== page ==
Prime Minister Theresa May is writing to the EU to formally ask for Brexit to be postponed until 30 June or longer.
One ministerial source told the BBC the longer delay could be up to two years, amid reports of a cabinet row, but No 10 said no decision had been made.
EU Brexit negotiator Michel Barnier said the EU would not grant a delay without a “concrete plan” from the UK about what they would do with it.
Under current law the UK will leave the EU with or without a deal in 10 days.
The prime minister says the UK will need a short extension to get the necessary legislation through Parliament, if MPs back her withdrawal deal.
She has warned Brexiteer Tories a longer extension will be needed if the deal does not get through Parliament – but any delay will have to be agreed by all 27 EU member states.
One ministerial source told the BBC’s Laura Kuenssberg there was “no agreement” around the cabinet table.
Another cabinet source said they were frustrated that the PM had not been clear about which delay option she would be arguing for.
Commons leader Andrea Leadsom is said to have criticised her cabinet colleagues, saying it is now a “Remain cabinet”, not a “Brexit Cabinet”.
Chancellor Philip Hammond said ministers all wanted the “shortest possible delay” but cabinet members “have different approaches to how we should do this”.
Mrs May is heading to Brussels on Thursday to discuss the delay options with EU leaders.
MPs rejected her deal for a second time last week by 149 votes. They also voted in favour of ruling out leaving the EU without a deal, and in favour of extending the Brexit process.
The prime minister had hoped to have another try at getting MPs to back the withdrawal deal she has agreed with the EU this week – but Speaker John Bercow effectively torpedoed that with his surprise intervention on Monday.
What happens next?
- The PM is writing to the EU to ask for Brexit to be postponed
- Mrs May will travel to an EU summit in Brussels on Thursday to discuss the delay options
- All 27 EU members have to agree to any extension proposed
- If an extension is agreed, Mrs May will probably try to get her deal – that was previously heavily defeated – through Parliament
- MPs and peers will also get a vote on any delay
- Talks have been continuing with the DUP and Tory Brexiteers who voted against the deal
- The government could seek to hold a third “meaningful vote” on the withdrawal agreement next week
- But the speaker has said he will not let MPs vote again if the question is exactly the same
- The UK leaves the EU on 29 March with or without a deal, unless a delay is agreed
He said he would not allow a third “meaningful vote” in the coming days on “substantially the same” motion as MPs rejected last week.
Mr Bercow declined to discuss the reasons for his decision when questioned by the BBC, as he made his way in to Parliament.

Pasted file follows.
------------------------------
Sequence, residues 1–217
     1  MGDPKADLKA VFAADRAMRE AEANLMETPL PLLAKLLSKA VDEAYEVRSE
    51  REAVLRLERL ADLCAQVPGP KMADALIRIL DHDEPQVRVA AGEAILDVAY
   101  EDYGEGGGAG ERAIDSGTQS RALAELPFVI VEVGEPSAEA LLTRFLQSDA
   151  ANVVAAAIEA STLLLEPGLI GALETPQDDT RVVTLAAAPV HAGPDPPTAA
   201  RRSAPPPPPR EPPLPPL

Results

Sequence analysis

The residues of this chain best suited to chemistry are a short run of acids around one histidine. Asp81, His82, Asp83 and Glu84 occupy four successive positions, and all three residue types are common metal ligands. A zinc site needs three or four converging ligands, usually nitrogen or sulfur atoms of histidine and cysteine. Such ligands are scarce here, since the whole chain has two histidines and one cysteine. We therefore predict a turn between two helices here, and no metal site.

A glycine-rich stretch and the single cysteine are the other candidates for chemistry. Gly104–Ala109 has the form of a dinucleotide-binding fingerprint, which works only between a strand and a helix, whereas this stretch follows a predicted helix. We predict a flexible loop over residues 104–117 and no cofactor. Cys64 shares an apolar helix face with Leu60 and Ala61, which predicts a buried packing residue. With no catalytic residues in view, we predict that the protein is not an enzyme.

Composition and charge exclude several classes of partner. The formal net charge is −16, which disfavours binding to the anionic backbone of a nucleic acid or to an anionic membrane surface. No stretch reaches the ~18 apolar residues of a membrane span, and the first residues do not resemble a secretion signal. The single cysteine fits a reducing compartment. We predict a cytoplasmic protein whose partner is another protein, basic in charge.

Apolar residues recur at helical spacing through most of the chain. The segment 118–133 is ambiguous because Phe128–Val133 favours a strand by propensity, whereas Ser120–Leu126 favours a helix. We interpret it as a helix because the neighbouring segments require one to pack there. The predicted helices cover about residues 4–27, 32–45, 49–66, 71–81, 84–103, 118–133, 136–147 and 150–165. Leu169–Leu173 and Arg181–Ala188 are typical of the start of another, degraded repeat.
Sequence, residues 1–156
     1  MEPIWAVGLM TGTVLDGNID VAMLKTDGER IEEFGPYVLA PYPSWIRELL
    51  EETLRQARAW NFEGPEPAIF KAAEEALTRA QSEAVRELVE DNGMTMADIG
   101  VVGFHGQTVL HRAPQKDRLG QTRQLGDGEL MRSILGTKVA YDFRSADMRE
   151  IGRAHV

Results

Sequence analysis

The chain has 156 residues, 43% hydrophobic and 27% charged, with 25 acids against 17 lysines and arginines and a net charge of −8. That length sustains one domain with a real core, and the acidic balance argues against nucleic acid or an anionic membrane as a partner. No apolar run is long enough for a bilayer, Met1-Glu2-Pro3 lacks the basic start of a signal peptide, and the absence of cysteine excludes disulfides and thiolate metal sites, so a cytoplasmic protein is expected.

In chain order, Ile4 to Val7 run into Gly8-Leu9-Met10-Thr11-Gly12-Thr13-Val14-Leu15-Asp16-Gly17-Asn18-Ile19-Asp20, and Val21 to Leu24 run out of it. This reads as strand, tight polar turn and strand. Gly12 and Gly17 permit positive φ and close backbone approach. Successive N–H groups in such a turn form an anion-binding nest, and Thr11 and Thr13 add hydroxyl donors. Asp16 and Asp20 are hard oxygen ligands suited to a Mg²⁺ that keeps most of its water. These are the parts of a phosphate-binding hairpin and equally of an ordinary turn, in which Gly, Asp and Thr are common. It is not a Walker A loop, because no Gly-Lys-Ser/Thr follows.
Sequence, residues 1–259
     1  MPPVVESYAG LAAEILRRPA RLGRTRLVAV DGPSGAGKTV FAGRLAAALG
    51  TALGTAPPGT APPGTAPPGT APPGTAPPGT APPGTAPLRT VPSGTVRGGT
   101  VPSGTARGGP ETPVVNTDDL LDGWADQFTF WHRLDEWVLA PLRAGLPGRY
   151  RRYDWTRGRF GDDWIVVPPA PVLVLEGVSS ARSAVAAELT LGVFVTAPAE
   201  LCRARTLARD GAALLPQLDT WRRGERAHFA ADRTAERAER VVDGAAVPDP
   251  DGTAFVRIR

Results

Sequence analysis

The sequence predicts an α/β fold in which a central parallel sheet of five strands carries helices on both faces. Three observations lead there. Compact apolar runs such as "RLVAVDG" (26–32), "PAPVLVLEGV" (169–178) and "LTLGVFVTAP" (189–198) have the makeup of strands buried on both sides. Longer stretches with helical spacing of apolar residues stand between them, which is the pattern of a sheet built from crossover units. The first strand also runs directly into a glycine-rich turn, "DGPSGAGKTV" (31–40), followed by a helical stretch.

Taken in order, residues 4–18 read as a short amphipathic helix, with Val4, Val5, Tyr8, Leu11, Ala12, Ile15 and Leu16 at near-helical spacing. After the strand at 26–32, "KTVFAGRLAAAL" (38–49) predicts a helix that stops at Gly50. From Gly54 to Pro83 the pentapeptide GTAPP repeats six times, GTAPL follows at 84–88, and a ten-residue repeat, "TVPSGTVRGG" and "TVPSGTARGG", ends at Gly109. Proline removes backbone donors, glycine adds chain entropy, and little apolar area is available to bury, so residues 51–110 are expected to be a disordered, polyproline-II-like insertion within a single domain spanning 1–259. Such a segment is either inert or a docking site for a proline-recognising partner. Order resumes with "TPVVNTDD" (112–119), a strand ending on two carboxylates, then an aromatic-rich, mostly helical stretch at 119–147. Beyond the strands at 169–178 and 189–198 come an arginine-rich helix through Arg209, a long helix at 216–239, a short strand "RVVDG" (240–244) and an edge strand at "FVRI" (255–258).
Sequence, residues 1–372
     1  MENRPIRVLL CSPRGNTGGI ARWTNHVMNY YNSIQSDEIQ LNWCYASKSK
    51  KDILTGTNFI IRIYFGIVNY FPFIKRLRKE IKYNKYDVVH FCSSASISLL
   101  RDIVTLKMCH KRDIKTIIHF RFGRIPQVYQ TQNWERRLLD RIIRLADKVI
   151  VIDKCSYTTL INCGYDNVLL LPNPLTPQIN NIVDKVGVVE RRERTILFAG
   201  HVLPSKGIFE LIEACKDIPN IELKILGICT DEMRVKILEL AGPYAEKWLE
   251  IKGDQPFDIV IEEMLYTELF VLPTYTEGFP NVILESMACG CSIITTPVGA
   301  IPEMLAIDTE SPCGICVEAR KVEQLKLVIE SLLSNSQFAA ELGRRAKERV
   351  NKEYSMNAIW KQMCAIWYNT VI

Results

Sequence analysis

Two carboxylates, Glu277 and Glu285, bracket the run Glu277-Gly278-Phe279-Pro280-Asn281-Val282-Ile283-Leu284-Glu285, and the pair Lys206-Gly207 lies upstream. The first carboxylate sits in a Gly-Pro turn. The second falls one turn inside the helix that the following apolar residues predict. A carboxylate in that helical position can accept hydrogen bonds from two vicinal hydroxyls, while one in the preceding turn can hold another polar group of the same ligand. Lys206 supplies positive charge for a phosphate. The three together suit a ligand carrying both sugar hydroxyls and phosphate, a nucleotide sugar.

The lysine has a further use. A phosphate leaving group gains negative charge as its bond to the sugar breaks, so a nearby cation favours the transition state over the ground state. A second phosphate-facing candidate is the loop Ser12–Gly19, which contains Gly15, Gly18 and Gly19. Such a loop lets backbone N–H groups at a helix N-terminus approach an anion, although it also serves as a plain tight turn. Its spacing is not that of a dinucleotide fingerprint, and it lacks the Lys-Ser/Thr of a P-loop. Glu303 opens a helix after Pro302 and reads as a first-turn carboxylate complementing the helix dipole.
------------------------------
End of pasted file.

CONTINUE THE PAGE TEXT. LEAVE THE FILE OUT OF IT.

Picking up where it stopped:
Brexit Secretary Stephen Barclay suggested a vote could take place next week – after Mrs May has sought a delay to Brexit from the EU.
On Mr Bercow’s ruling, he said it was important to “respect the referee” and abide by his decisions – but, he added, the Speaker himself had said in the past that if Parliament was guided only by precedent then “nothing ever would change”.
Mr Barclay suggested that MPs would “find a way” to get another vote, if the government manages to persuade enough of them, including the 10 Democratic Unionists, to change their mind and back the deal.
What is the EU saying?
At a press conference in Brussels, the EU’s chief negotiator Mr Barnier said it was up to the 27 EU leaders to decide whether to grant a delay, based on what was in the “best interest” of the EU.
But for a longer delay “there needs to be a new event” or a “new political process” – so that “we are not back in the same situation as today”.
“Extending the uncertainty without a clear plan would add to the economic cost for our business but will also incur a political cost for the EU,” said Mr Barnier.
“It is for the British government and Parliament to decide very quickly what the UK wants to do next.”
Mr Barnier also warned that UK MPs voting against “no deal” would not prevent it from happening, saying that “everyone should now finalise all preparations for a no-deal scenario”.
Earlier, German Chancellor Angela Merkel said she would struggle until the last possible moment to achieve an orderly Brexit, saying the interests of Germany, Britain and the EU were at stake.
“I will fight to the last hour of the deadline on 29 March for an orderly exit,” she told a press conference in Berlin. “We don’t have a lot of time for it but still have a few days.”
Taoiseach (Irish PM) Leo Varadkar and European Council president Donald Tusk released a joint statement after their meeting in Dublin.
“President Tusk expressed the strong and ongoing solidarity with Ireland of the European Council and European leaders,” their statement said.
“They agreed that we must now see what proposals emerge from London in advance of the European Council meeting in Brussels on Thursday.”
What about the opposition parties?
Labour leader Jeremy Corbyn held “constructive” talks with the Westminster leaders of the SNP, Liberal Democrats, Plaid Cymru and Green Party, a Labour Party spokesperson has said.
Mr Corbyn called on the other parties, which all back another Brexit referendum, to “engage constructively” to find a Parliamentary majority for a close economic relationship with the EU, the spokesperson added.
But Liz Saville Roberts, Plaid Cymru’s Westminster leader, suggested the Labour leader had not really engaged during the meeting with the case for giving the public the final say on Brexit.
“We were there to talk about a People’s Vote,” she said.
“And the only thing I felt he was comfortable talking about was Labour’s version of Brexit.”
Mr Corbyn was also due to meet members of the group of MPs calling for a so-called Norway Plus style of future relationship with the EU.